But if Abe wants to push forward his pet goal of constitutional revision, the LDP-Komeito coalition, pro-constitutional revision Nippon Ishin, and one or two small opposition parties that favor constitutional revision need to win 85 seats to retain a two-thirds “supermajority” needed to make it happen.

Even then, constitutional revision is not guaranteed.

“Even if the two-thirds majority is surpassed, constitutional revision won’t simply proceed. In the end, because there will be a nationwide referendum, the LDP won’t be able to force the matter,” noted Koji Nakakita, a professor at Hitotsubashi University and expert on contemporary Japanese politics and political history.

While Komeito is adamant about not pushing constitutional revision during the campaign, losses might force the party to change tactics after the election.

The Kansai region has long been known as the one place in Japan where election victories were certain for Komeito thanks to the strong regional presence of Soka Gakkai.

But the party finds itself on the defensive as never before as it battles Nippon Ishin no Kai candidates in tough Kansai races. Seven Komeito candidates, including party leader Yamaguchi, are running for district seats in Saitama, Tokyo, Kanagawa, Aichi, Osaka, Hyogo and Fukuoka prefectures, while six more are running for proportional representation seats.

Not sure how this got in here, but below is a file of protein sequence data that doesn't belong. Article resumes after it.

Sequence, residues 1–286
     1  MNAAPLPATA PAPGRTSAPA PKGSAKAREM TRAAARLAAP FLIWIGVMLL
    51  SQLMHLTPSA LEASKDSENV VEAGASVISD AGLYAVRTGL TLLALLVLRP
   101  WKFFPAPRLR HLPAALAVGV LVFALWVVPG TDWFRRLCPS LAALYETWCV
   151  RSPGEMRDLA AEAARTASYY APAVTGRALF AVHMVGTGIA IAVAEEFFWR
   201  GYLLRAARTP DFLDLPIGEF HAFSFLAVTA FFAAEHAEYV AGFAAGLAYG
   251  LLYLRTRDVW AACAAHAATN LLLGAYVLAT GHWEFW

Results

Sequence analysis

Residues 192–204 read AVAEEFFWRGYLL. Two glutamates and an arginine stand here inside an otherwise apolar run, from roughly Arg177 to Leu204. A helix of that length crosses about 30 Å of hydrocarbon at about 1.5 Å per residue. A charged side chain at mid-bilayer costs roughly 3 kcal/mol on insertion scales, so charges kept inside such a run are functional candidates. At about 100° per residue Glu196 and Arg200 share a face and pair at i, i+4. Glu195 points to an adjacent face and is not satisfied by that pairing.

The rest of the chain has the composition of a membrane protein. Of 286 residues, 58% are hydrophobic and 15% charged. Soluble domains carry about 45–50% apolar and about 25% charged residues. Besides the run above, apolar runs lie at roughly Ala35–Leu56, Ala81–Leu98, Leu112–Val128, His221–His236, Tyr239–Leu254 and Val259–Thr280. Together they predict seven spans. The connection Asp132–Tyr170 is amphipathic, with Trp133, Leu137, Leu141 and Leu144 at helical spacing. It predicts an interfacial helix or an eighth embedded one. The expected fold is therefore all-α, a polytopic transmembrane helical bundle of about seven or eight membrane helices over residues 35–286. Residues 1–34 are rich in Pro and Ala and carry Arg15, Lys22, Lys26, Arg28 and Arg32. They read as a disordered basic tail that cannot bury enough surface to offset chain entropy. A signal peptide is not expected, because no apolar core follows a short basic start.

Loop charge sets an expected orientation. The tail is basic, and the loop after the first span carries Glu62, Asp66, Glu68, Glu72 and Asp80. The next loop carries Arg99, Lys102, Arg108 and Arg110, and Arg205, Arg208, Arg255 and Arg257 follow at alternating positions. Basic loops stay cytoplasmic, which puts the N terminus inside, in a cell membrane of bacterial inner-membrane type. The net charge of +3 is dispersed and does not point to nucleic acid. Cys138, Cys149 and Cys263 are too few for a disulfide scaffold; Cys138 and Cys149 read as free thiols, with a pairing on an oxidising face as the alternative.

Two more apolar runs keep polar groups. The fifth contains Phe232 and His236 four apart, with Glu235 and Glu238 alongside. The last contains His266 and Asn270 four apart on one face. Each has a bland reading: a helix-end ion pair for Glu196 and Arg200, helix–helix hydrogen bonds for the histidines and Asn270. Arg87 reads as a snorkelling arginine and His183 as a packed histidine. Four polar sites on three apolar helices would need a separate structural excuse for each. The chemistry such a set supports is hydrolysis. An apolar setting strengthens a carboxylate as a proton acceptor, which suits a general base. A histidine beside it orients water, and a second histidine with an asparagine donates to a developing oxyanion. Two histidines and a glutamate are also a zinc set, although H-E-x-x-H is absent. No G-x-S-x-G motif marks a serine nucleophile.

Yamaguchi’s Tokyo seat is considered safe, but Komeito is struggling in western Japan, especially in Hyogo, where the party’s candidate, former diplomat and newcomer Mitsuo Takahashi, is in a tight race for one of three seats with Nippon Ishin incumbent Takayuki Shimizu, 45, a former TV news anchor running for a second term.

“For our party, the Hyogo district race is the toughest,” Yamaguchi said just before the campaign kicked off.

Komeito is still reeling from the shock of losing a series of local elections in April to rival Osaka Ishin no Kai (One Osaka), Nippon Ishin’s local political group.

Osaka Ishin candidates beat ruling coalition- and opposition-backed candidates for the Osaka governor’s and mayor’s offices and won a majority in the Osaka Prefectural Assembly in April. Osaka Ishin also won the Sakai mayoral election last month.

Those victories have boosted the confidence of Nippon Ishin as it challenges the ruling parties in several districts, including Osaka and Hyogo prefectures.

Thus, Komeito finds itself caught between a resurgent Nippon Ishin, an LDP that is ramping up its efforts to attain constitutional revision, and its Soka Gakkai supporters. But with Abe due to step down in September 2021, some experts suggest Komeito might decide to simply stall on the issue of constitutional revision until then.

“The best option for Komeito may well be to run out the clock on Abe. The present campaign manifesto seems to support this view: constitutional reform can be found on the last of 42 pages and the party summarizes its position simply by saying: ‘It should be discussed carefully from now on,'” said Axel Klein, a professor at the University of Duisburg-Essen who has written extensively about Komeito.